Their tea bags are completely plastic-free, they are made from sustainable woods and hemp, then folded and sewn so they are fully compostable and biodegradable.

Favourite product:

Super Green Tea & Seaweed: a superb, nutrient-packed blend of tea plus seaweed (think Japanese miso soup), this is a gorgeous drink, with the slight salty tang of the seaweed complementing perfectly the slight sweetness of the green tea. Overall it has a smooth and slightly fruity taste with a lingering but highly pleasant aftertaste.

Let me know if you’ve tried any other these, or whether there are any other brands of green tea that are on your top five list.

Featured image courtesy of Shutterstock

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8 thoughts on “The five best green tea brands”

  1. Awesome review! “Organic Japanese Sencha Green Tea” has quickly become my favorite tea. I used it to replace coffee and did so even without any typical coffee withdrawals. I like this so much better because it increases energy and mental alertness but without the jitters. The taste is very wonderful, earthy with a slightly bitter taste which I find really appealing. The health benefits of the combination of the tea is incredible. I might try another tea on the list.


    • Hi Jordan, thank you so much for your comments. Japanese Sencha is one of my favourite teas but it’s worth trying a good Chinese green tea because they tend to be even earthier and fuller in flavour and you might find you prefer it. TeaVivre’s selection pack (mentioned above) is a really good way to start to explore Chinese green tea. Enjoy!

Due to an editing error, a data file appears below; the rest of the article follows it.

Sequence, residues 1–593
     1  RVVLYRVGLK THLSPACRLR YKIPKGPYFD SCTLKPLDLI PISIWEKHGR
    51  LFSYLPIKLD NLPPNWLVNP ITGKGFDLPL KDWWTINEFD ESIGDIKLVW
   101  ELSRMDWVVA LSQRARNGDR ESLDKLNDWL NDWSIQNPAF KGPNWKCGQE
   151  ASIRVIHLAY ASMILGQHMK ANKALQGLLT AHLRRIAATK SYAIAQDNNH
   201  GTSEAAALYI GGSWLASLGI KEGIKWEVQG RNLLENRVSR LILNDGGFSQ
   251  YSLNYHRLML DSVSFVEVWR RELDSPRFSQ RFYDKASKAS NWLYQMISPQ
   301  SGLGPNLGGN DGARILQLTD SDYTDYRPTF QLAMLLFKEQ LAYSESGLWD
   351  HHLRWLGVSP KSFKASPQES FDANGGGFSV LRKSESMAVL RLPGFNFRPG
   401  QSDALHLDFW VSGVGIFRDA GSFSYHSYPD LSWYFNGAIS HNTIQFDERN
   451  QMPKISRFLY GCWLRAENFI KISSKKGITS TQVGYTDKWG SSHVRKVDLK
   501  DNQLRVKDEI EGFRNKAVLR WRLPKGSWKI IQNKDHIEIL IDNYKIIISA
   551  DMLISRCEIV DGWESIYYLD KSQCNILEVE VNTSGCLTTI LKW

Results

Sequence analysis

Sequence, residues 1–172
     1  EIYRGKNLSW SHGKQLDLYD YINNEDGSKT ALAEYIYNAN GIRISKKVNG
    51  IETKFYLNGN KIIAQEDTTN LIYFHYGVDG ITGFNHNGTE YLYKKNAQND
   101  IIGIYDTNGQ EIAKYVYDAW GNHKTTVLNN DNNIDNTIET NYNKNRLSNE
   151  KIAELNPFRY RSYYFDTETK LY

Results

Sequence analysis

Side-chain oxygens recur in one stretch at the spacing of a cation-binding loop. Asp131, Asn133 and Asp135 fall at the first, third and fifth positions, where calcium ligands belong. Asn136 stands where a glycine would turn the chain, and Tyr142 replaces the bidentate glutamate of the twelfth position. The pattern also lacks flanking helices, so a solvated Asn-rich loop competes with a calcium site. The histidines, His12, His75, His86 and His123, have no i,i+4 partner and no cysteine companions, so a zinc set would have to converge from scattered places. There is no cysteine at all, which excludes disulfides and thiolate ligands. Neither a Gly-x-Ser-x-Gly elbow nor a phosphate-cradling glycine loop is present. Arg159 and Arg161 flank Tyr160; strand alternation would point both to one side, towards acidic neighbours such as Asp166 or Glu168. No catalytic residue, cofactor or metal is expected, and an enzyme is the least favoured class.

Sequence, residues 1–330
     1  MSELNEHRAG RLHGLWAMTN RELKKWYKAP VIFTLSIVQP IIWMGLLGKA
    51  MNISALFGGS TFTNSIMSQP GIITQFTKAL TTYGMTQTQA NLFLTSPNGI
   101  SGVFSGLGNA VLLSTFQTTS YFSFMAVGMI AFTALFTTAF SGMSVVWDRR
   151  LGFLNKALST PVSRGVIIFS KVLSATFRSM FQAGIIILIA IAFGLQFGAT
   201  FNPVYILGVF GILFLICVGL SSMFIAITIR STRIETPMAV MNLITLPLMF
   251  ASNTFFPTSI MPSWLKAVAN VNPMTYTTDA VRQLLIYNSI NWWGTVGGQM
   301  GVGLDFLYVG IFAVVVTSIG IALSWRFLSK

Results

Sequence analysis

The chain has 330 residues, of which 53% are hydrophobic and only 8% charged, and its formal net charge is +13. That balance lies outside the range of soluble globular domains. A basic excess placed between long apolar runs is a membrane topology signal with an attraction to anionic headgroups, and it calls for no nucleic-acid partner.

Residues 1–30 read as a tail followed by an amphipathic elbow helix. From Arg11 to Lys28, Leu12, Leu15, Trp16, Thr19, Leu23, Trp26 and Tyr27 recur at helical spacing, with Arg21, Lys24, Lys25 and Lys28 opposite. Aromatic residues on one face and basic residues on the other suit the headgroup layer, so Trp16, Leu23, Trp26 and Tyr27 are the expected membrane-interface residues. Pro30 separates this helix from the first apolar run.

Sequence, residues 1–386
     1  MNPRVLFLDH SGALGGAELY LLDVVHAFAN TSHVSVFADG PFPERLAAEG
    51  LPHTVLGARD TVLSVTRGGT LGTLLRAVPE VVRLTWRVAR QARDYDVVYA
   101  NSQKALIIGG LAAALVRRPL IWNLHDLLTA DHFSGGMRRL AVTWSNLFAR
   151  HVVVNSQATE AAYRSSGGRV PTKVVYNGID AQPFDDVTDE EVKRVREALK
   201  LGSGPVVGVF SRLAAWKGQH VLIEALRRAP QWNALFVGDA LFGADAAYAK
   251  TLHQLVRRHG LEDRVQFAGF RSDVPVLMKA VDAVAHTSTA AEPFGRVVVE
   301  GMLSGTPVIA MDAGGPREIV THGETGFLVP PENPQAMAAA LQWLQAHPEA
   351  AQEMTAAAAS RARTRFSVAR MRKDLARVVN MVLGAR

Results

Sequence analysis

2. Nice article about the best green teas! I fully agree there is an even bigger difference in green teas in terms of quality and that affects also to tea´s health benefits. I have tried some of TeaVivre´s teas but could give a try for these other . Especially those Japanese teas sounds good based on my experience with Japanese teas generally. Thanks for sharing this

    • Hi Jesse, thank you for your comments. I agree, I think green tea is the most varied in quality, maybe because so much of it is produced. Good Chinese green tea is great, and good Japanese green tea is a wonderful thing, but quite different so I encourage you to try it. Let me know what you think.

  3. Excellent review on the five best green tea,I’ve been a lover of herbal product because of the compositions they mixed together from natural supplement added,the criteria of this green tea is awesome and worth buying;Certified organic. Tea plants love to take up pesticides and fungicides so organic is best,and the flavour. Obviously, it’s got to taste good,when a product’s taste is good it will attract consumption,thank you for sharing this helpful post.

    • Hi Abayomi, thank you so much for your comments, I glad you found it helpful. Yes, tea plants take up a lot of nutrients but also, unfortunately, they take up pesticides and other toxins just as easily so certified organic is a really good idea.

  4. It could be because of their healthy lifestyles and good skin complexion but anything asian when it come to tea is rated 5/5 from me because I know they are good at combining healthy plants to make sometthing great for both health and pleasure. so, the organic japanese sencha green tea is what I would go with. You explained all the teas well that I can break my tea rules. Thank you for the information. I look forward to your new articles.